Victims reclaim their own narratives at Sundance 2019

Victims reclaim their own narratives at Sundance 2019

16th February 20190Byadmin

If the premise of Pippa Bianco’s Share feels depressingly familiar – girl wakes up with no memory of the previous night, until video surfaces of her own assault – the film is notable for what it doesn’t do.

It doesn’t show us the full videos Mandy (Rhianne Barreto) received. Nor the hateful comments and texts she started getting afterward. It offers few concrete clues or details about what might have been done to her. It’s not especially interested in the boys who were there that night, or what their motivations might have been.

What it does instead is prioritize Mandy’s subjective experience of the fallout, in all of its confusion and disorientation. Scenes linger in a depressive funk, or cut away at pivotal moments. Others separate sound and image to signal her increasing sense of dissociation. A few even play out like horror movies, minus the cathartic scares.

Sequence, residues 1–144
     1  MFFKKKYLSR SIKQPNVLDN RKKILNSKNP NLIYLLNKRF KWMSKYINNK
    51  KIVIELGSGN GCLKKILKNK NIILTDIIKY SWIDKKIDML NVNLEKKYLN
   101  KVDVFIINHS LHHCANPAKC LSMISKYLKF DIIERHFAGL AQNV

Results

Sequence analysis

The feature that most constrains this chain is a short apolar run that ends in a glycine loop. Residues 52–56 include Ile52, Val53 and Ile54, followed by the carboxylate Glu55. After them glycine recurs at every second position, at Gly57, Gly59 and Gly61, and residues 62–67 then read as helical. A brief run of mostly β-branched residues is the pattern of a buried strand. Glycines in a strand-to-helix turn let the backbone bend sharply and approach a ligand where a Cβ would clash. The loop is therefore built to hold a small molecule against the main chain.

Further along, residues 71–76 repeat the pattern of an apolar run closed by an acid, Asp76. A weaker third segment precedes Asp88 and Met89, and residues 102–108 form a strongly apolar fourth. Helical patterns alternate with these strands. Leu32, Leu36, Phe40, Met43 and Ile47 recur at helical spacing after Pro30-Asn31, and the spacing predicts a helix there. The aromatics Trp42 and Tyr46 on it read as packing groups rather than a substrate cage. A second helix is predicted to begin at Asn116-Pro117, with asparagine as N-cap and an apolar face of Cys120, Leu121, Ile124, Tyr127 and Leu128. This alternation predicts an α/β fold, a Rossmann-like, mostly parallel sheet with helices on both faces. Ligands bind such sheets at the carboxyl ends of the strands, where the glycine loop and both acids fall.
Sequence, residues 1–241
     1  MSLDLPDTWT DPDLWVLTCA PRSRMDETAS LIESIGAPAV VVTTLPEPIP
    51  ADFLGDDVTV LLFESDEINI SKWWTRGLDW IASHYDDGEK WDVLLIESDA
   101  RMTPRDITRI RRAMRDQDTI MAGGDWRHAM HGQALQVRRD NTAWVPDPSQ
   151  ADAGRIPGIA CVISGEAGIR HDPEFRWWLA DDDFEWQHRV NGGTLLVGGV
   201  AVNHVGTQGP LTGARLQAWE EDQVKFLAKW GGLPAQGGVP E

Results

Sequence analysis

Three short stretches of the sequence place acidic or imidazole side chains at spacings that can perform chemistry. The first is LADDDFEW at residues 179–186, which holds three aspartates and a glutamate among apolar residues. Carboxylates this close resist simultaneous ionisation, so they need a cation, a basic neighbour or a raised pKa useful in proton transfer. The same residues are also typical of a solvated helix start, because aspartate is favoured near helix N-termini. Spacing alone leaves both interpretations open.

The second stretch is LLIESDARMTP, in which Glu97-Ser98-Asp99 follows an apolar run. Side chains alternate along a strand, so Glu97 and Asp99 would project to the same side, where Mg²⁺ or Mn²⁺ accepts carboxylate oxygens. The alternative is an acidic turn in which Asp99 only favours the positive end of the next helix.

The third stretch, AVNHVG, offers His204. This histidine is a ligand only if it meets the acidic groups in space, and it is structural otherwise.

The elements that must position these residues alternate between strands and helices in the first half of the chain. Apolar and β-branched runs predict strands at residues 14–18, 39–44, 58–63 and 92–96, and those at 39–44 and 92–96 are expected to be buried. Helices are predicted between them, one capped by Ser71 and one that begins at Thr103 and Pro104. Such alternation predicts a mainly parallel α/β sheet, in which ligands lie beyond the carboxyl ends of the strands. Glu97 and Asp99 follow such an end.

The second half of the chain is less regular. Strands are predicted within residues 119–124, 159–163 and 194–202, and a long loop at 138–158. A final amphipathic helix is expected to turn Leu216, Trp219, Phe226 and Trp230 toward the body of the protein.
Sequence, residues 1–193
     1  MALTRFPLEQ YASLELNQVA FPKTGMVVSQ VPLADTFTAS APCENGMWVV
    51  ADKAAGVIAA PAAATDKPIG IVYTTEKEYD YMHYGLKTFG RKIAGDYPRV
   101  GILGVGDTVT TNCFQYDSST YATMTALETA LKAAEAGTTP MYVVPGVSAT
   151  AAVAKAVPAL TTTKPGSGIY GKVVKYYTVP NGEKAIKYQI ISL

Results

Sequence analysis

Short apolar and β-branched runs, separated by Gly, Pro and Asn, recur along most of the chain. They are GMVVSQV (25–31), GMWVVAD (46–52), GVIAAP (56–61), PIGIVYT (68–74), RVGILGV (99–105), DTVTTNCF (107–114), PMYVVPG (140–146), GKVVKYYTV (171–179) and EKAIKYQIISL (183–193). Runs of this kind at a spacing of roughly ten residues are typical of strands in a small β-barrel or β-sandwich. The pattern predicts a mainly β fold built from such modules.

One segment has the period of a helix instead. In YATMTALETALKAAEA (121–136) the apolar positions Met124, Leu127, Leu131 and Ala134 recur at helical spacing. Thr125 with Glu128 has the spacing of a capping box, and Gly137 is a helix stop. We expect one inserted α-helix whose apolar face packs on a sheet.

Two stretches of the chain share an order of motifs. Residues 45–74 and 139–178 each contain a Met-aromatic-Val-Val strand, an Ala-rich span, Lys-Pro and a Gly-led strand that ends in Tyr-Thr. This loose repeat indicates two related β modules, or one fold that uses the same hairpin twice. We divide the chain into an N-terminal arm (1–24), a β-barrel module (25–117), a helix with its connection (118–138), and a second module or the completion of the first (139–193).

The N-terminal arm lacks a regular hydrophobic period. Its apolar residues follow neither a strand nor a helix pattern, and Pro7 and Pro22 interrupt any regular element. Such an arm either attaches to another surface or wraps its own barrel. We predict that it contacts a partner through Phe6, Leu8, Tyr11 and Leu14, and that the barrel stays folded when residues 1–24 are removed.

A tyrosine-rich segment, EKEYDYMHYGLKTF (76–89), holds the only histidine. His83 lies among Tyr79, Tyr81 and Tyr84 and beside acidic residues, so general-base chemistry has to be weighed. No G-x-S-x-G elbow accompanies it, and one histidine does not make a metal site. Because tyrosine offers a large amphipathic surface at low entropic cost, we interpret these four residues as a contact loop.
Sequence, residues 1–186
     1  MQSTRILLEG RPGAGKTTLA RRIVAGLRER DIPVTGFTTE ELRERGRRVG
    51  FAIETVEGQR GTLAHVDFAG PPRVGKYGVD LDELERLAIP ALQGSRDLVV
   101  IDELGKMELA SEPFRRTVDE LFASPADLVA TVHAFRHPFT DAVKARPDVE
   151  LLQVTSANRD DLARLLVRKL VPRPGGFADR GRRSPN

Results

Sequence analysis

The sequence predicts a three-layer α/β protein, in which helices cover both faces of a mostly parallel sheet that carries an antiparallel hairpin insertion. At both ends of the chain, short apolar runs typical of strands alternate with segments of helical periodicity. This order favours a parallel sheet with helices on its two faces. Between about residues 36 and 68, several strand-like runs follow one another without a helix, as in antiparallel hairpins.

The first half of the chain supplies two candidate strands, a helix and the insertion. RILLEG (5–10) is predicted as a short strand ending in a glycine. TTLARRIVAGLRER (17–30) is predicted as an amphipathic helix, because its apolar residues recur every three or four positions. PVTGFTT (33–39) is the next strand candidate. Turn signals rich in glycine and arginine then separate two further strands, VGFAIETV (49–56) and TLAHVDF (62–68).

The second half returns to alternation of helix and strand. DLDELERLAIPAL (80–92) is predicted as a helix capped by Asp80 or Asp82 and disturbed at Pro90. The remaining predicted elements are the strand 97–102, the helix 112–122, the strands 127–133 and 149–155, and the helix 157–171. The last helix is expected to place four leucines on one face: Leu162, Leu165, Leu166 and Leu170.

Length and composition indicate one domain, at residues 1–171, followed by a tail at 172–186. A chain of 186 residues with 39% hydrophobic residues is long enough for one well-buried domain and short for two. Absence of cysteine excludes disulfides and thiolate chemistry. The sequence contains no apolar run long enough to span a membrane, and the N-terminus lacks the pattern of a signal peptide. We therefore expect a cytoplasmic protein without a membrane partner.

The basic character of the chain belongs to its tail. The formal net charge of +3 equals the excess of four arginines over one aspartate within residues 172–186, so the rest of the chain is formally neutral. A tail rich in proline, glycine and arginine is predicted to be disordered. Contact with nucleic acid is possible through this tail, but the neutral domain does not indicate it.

It’s an alienating and often frustrating watch, and that’s exactly the point: This is what Mandy’s headspace feels like right now. Share makes us live through the emotional fallout with her, with scant possibility of escaping into a broader, more superficially “objective” point-of-view. She is the focus of this story, not her assailant(s) or the crimes committed against her. 

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